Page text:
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McGill Reporter
October 26, 2006 - Volume 39 Number 05
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Caption follows

Redman slotback Eric Galas puts the moves on a Sherbrooke defender during McGill's 33-14 win on October 14.

First and 10

Football team rebounds from 2005 disappointment

Perhaps drawing parallels between the mythical Phoenix and the resurrection of the McGill Redmen football team is bordering on hyperbole. Yet, just one year after the cancellation of the remainder of the 2005 season following a hazing scandal, the team has parlayed an inconsistent 2006 regular season campaign into a much-coveted playoff berth.

While the players have had to operate in the shadow of last year's truncated season, they seem to have turned the corner. "Last year was really tough," says quarterback Matt Connell, a third-year veteran of

the squad. "This year's team really reached out to the freshmen." Connell goes on to credit such team-building activities as

dinners, movie nights and group community outreach programs with bringing the closer together.

Caption follows
Eric Galas climbs the ladder to snare one of his six catches against Sherbrooke. Galas ended the day with a pair of TDs.

Leadership could have been a problem for the Redmen this year, with a squad loaded with first- and second-year players β€” traditionally players who defer to veterans. With a dearth of experienced players, McGill's locker room ran the risk of being a very quiet place. Chuck McMann, in his sixth year as head coach, shakes his head at this outdated hierarchy of sport. "I don't believe in veteran entitlement. If you want respect, if you want your spot on the team, you have to earn it."

Right from season's outset, McMann and his coaching staff challenged younger players to step forward and assume leadership roles. "Our theme from Day One has been β€˜don't tell me what you're going to do, show me.'"

This past spring, 10 Redmen players took McMann's words to heart, volunteering to coach in the Aces youth football program. The four-team league takes some of the city's most troubled elementary school children and puts them through a rigorous six-week season. "The kids all took it very seriously," says Connell. "They had two two-hour practices a week and a game every Friday. It was a really rewarding experience."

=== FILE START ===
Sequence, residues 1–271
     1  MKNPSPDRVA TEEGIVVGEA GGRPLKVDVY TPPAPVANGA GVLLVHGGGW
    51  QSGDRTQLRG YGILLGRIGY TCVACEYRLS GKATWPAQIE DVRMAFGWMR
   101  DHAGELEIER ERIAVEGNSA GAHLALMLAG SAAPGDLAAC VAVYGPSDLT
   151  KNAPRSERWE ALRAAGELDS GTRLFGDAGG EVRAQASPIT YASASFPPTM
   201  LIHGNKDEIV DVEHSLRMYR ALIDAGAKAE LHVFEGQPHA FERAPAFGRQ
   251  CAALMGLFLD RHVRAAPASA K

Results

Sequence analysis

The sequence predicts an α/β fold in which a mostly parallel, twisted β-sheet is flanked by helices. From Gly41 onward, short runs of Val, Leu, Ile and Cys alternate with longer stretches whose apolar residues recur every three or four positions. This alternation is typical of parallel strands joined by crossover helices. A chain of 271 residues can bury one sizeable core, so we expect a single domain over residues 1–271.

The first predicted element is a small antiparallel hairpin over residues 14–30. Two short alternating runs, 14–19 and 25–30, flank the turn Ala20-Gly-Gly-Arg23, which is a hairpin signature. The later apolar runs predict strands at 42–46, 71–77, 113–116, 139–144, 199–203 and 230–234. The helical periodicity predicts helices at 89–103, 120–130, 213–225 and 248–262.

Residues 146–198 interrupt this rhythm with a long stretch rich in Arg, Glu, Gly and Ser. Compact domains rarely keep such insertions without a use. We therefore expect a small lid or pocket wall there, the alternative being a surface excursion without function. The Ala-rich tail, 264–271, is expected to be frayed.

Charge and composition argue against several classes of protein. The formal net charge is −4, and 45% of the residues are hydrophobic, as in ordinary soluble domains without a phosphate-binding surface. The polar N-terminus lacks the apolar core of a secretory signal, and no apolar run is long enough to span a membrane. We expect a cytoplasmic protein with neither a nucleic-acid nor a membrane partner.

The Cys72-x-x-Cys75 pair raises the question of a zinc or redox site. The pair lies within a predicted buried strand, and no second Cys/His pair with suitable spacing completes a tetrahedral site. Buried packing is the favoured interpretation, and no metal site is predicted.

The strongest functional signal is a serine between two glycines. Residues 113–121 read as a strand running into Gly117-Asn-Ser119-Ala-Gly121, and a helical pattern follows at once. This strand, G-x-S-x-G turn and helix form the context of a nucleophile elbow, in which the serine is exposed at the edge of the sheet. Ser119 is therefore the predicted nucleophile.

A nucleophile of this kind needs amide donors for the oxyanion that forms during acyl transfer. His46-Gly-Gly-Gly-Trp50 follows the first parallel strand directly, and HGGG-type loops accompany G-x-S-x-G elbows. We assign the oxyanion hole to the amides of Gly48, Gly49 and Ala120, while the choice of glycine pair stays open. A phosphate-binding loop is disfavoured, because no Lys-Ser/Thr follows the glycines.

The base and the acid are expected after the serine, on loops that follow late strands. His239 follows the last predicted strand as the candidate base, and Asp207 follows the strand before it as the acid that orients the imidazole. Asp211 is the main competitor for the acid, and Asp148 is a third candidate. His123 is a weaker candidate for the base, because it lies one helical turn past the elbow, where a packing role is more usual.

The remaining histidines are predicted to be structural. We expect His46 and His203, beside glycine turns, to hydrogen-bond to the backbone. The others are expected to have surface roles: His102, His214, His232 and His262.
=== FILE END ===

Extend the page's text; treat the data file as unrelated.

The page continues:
Derek Drummond, interim director of the athletics department and one of the Redmen's biggest boosters, invited some of the Aces players and coaches to the annual season-opening barbeque. "Seeing these kids interacting with our players was really special because you could see that they had created a real bond," he says. "I think our guys benefited as much from this as the kids."

So, while on paper the team looks like an underdog to go deep into the playoffs, the wonderful thing about sports is that you never know. Age, size and experience can all be measured by conventional means but heart β€” the athlete's greatest attribute β€” cannot. Perhaps this team has a little more of the Phoenix in it than most expect. Or at least a couple of aces up their sleeves.

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Virus shuts down game

Catching the ball

The McGill Redmen football team took an unconventional path to the playoffs when St. Francis Xavier was forced to cancel the October 21 game after some 35 students and staff members began displaying symptoms of a Norwalk-type virus. The Quebec University Football League later ruled the game forfeited by St FX.

Though a bitter pill to swallow for the St FX players, who saw themselves bumped from playoff contention with the loss, the cancellation was merited in the eyes of health specialists. "Norwalk is a very contagious virus that can cause severe diarrhea and vomiting for several days," says Dr. Pierre-Paul Tellier, director of Medical Education and Student Affairs. "But a person can be infectious a day or two before they experience any symptoms. Obviously, in a contact sport like football, the virus can be passed from one player to another who could then bring the virus back to McGill."